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The Battle of Saarbrücken was the first major engagement between French Empire and the Kingdom of Prussia during the Franco-Prussian War. The battle took place on 2 August 1870, around the city of the Saarbrücken.
During this time, the Prussians along with several other German states were rapidly mobilizing as a contrast to French expectations, only a small token force of the French Army was dedicated to launching offensives towards the southern German states as the French did not expect the Prussians to mobilize quickly. Moreover, Napoleon III who had assumed command of the new Army of the Rhine which consisted of almost 100,000 men was pressured by many to launch an offensive against the North German Confederation. He ordered the Army of the Rhine to cross the Saar River and to seize Saarbrücken.
The II and III Corps led by General Charles Frossard and Marshal François Bazaine managed to cross the Saar River by 2 August 1870, they encountered small Prussian detachments at the outskirts of the town but was not delayed in their attempts to seize the garrison. Major fighting eventually broke out later that day, the 40th Prussian Regiment of the 16th Infantry Division was quickly forced out of the town as the French, with their numerical superiority along with the much more accurate and reliable Chassepot Rifle outmatched the Prussian defenders. By the end of the day, French casualty reports estimate that they had 10 killed, wounded, or missing including one officer, though some estimates could go as high as 86 casualties. The Prussians on the other hand had around 76-83 killed, wounded, or missing. After the battle, Napoleon III wrote a telegram to his wife, Empress Eugénie de Montijo which read:
"Louis has received his baptism of fire; he was admirably cool and a little impressed. A division of Fossard's command carried the heights overlooking the Saar. Louis and I were in the front, where the bullets fell about us. Louis keeps a ball he picked up on the battlefield. The soldiers are delighted at his tranquility. We lost one officer and ten men." - Napoleon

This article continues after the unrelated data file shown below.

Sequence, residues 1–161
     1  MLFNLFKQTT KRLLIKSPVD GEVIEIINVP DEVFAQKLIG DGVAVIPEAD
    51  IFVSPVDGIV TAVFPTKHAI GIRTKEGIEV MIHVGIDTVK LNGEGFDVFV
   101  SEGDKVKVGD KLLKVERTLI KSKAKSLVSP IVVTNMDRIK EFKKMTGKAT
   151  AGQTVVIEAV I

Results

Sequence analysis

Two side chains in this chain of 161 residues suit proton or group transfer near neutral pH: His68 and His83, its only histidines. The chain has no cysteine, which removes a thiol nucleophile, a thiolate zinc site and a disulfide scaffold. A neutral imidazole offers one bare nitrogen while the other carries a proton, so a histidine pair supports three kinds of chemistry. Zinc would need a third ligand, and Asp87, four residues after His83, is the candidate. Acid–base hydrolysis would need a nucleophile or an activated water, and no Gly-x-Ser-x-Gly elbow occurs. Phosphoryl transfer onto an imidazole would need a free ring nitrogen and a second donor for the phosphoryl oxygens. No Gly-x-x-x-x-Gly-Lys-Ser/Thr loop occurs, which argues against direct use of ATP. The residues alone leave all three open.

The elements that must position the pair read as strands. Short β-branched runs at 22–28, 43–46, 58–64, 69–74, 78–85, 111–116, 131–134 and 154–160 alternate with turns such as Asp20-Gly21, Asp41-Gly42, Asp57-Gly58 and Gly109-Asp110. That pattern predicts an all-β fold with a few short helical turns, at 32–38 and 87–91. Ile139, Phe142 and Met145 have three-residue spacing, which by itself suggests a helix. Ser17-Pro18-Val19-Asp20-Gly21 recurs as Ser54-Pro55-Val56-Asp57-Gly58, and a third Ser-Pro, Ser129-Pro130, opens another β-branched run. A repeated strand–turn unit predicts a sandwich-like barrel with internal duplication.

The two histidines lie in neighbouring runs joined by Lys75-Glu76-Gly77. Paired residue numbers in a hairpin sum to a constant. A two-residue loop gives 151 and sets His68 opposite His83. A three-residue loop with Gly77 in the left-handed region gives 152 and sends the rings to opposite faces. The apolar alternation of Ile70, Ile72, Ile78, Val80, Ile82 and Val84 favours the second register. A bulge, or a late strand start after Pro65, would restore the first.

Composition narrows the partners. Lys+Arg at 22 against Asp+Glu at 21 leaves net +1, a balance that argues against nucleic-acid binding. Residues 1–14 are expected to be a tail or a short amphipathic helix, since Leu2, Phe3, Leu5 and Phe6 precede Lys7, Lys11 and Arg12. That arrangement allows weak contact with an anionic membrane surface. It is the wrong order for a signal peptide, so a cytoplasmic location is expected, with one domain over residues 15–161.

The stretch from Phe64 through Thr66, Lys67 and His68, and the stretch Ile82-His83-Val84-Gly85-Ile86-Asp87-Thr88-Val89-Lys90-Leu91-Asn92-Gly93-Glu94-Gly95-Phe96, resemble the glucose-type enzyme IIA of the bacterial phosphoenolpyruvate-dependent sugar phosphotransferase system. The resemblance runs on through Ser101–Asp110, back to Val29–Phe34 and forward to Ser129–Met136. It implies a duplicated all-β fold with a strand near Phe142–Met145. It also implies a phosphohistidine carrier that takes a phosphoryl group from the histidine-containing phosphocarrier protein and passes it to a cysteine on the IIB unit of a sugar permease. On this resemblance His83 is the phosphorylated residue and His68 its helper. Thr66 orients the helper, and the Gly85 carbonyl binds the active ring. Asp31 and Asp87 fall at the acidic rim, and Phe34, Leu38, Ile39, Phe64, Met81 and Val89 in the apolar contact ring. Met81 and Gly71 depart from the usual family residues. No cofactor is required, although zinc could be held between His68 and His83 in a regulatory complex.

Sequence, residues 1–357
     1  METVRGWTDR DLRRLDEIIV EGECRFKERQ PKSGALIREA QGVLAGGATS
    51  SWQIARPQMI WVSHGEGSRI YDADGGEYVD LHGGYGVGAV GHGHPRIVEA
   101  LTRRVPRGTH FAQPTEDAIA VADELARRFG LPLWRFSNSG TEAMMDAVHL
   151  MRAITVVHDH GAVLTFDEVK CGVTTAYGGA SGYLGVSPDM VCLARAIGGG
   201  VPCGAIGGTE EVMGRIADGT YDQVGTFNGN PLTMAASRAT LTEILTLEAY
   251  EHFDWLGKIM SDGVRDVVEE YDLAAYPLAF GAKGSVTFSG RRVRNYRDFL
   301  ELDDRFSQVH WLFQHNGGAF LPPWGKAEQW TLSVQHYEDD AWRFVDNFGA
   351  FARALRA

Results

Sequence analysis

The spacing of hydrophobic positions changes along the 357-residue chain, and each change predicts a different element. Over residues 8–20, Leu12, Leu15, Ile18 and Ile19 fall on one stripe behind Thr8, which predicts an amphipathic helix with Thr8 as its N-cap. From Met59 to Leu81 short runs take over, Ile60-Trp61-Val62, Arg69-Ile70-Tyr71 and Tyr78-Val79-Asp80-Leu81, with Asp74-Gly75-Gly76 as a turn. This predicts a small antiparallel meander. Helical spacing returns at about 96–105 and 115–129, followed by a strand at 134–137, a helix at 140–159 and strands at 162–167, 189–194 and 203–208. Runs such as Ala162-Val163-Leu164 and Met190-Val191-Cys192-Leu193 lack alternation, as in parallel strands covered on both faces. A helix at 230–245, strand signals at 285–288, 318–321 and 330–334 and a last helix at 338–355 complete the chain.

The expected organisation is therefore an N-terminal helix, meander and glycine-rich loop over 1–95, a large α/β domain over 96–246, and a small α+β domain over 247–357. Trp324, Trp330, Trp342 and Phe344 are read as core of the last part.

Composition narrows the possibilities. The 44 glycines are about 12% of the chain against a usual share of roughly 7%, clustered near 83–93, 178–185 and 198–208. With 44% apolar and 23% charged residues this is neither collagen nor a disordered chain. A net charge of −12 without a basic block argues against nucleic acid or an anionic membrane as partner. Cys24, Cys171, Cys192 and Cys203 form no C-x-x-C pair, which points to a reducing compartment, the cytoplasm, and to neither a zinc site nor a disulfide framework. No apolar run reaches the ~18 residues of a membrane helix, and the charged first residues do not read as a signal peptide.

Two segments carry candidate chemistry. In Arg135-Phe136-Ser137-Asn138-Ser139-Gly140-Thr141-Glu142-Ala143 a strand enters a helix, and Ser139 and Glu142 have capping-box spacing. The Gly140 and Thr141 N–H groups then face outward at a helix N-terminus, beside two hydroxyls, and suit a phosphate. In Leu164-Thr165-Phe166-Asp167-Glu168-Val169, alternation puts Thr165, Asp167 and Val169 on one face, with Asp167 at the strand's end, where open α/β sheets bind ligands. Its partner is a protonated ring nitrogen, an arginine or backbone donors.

The battle was by no means a deciding factor of the war. The French seizure of Saarbrücken nonetheless proved the reliability and accuracy of the Chassepot Rifle compared to its Dreyse counterparts which would later contribute to Germany's heavy casualties during the early months of the war.
- Philipp Elliot-Wright, Gravelotte-St-Privat 1870: End of the Second Empire, page 36
- Jeremy Black, War in the Nineteenth Century: 1800-1914, page 128
- William Edwards, Notes on European History: 1815-1870, page 301
- Julius von Pflugk-Harttung, Sir John Frederick Maurice, The Franco-German war, 1870-71, page 106
- Henry Smith Williams, The historians' history of the world: a comprehensive narrative of the rise and development of nations from the earliest times as recorded by over two thousand of the great writers of all ages, page 150
- "A history of all nations from the earliest times; being a universal historical library"
- Geoffrey Wawro, The Franco-Prussian War: The German Conquest of France in 1870-1871, pages 86-90.
- Michael Howard, The Franco-Prussian War: The German Invasion of France, 1870-1871, page 64
- "FrancoPrussianWar.com History of the Franco Prussian War". http://francoprussianwar.com/Saar.htm.
- "THE BATTLE OF SAARBRUCKEN.". Queanbeyan Age (NSW : 1867 - 1904). 1870-09-29. pp. 2. http://nla.gov.au/nla.news-article30581059.
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